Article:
I am responding to the July 7 letter to the editor by Perry H. Clark ( “University System overhaul a necessity and here’s why”). In his letter, Mr. Clark purports that a low graduation rate of 32.9 percent at the University of Southern Maine indicates that “higher education is barely being provided.” Mr. Clark has misused a singular statistic to draw a false conclusion.

Universities are required to report the percentage of matriculating freshmen who eventually graduate within six years. But, at USM, students who are described by that category are actually a minority of the student body. In fact, typically each year more students transfer in after beginning their higher education at another institution than begin as freshmen. There is also a large number of “non-traditional” students who, while balancing full-time jobs and family responsibilities, take more than six years to finish their degrees. When students in both of those large categories graduate, their numbers (by definition) cannot be included in the calculation of that graduation rate statistic used by Mr. Clark. While the average USM class of entering freshmen averages about 800, USM awarded 1,317 bachelors degrees in May. It also awarded 442 masters degrees and 10 Ph.Ds. I am sure that none of these degree recipients would agree that their education had been “barely … provided.”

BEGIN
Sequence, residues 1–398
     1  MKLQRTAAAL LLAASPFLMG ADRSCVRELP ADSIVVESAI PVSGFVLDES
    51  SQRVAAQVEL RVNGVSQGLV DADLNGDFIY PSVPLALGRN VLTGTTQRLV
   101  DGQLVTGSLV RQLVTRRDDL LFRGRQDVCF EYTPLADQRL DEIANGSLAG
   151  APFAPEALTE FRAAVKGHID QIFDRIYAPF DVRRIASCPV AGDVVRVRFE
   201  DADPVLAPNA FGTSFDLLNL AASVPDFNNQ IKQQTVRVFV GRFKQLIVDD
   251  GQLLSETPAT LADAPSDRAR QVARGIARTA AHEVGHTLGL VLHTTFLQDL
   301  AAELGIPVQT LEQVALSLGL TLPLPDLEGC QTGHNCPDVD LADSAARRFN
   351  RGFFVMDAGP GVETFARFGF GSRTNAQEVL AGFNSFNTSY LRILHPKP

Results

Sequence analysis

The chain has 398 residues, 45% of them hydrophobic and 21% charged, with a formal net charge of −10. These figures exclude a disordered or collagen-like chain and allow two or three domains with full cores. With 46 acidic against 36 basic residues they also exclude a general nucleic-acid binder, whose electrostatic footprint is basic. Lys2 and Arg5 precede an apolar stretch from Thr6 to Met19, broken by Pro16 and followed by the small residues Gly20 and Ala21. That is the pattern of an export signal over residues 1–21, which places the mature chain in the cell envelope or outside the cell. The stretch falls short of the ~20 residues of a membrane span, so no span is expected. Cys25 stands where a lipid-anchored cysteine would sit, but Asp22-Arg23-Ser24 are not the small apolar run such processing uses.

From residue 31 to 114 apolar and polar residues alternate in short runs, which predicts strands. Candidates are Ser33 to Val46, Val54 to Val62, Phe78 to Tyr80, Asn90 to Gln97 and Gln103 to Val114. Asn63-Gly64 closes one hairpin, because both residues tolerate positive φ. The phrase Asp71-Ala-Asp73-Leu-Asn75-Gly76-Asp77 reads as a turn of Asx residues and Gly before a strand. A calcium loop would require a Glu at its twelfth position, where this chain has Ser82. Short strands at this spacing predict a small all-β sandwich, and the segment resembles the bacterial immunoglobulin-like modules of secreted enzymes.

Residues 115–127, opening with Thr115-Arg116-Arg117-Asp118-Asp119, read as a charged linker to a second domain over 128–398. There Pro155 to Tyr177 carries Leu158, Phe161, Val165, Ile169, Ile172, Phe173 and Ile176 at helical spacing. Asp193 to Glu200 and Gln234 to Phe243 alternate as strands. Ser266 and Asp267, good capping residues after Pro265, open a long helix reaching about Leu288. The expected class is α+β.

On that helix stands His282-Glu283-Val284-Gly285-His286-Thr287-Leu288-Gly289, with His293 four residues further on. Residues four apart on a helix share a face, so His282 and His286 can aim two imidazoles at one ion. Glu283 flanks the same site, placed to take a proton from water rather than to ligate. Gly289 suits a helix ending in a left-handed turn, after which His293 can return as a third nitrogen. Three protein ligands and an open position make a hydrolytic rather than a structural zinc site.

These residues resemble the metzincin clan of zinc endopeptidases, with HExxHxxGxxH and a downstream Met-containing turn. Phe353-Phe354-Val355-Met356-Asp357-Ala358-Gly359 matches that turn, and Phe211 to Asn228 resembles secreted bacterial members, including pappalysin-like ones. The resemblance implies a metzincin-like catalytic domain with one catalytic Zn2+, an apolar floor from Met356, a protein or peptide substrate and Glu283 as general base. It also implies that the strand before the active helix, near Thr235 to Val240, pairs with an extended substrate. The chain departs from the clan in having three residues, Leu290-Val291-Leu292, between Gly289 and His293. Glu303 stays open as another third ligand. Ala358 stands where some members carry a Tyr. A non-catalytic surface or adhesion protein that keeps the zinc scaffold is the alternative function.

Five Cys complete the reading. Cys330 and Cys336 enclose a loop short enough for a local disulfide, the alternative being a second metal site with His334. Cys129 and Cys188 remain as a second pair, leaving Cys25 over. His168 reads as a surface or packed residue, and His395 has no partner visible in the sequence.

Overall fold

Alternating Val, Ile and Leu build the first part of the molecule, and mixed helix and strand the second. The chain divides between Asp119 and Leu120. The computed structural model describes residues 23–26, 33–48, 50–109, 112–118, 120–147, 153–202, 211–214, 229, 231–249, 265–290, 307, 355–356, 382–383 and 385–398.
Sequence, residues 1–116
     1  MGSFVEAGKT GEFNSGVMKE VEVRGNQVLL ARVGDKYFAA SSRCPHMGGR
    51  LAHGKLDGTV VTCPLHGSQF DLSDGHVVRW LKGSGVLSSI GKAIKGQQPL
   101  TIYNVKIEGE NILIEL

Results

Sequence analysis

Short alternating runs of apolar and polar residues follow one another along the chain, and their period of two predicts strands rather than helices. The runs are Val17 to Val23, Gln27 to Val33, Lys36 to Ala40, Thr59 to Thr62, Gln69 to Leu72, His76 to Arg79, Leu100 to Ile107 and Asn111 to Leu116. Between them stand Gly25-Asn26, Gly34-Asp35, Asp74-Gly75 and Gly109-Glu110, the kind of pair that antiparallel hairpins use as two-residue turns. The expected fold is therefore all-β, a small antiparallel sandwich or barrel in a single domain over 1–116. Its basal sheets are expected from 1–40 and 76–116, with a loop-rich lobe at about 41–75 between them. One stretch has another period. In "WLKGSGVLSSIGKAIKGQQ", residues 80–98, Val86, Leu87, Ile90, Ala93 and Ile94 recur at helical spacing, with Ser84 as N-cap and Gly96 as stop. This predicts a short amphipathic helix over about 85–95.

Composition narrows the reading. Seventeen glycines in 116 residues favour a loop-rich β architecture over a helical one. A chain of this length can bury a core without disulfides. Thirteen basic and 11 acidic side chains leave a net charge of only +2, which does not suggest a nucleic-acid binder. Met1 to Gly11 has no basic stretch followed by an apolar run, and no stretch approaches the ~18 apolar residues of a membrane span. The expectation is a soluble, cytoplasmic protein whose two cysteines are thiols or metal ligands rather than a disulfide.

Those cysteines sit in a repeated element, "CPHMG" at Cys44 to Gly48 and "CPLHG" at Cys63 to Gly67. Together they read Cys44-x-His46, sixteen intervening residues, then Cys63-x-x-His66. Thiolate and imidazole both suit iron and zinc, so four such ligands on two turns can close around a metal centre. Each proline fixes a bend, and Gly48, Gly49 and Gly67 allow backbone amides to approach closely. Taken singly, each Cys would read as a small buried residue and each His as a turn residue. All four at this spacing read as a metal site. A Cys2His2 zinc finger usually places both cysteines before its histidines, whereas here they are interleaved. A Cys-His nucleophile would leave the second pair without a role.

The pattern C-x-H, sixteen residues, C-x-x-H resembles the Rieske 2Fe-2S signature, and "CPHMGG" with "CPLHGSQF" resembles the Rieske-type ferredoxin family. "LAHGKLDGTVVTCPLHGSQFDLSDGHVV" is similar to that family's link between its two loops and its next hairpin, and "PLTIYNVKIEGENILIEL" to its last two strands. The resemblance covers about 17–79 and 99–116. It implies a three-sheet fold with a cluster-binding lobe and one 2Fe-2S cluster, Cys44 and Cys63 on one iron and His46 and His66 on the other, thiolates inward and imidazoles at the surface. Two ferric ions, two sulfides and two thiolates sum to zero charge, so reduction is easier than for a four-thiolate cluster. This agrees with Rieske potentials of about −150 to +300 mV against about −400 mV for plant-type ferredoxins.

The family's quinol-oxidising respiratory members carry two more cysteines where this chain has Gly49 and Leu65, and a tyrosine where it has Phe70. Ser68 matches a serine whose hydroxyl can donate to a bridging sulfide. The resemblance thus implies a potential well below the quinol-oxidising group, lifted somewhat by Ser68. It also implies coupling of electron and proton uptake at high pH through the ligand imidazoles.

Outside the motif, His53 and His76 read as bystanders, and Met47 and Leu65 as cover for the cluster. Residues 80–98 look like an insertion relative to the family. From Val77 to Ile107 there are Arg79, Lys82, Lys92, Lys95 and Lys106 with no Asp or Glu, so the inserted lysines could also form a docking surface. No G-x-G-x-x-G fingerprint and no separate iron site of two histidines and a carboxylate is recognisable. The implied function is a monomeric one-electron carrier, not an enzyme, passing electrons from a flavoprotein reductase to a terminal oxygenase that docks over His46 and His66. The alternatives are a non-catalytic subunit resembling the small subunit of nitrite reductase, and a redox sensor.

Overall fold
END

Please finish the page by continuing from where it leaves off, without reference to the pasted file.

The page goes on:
In fact, USM is a valuable resource to thousands of students seeking to improve themselves and is a vital economic engine in our region. It offers both degree programs and non-degree professional development courses. It provides a Student Success Center, learning communities, and meaningful internships to enrich and support students’ studies. Some programs at USM are in such demand they have many more qualified applicants than can be accepted. Mr. Clark should have looked more deeply than a single statistic to learn the truth.

Robert Blackwood

South Portland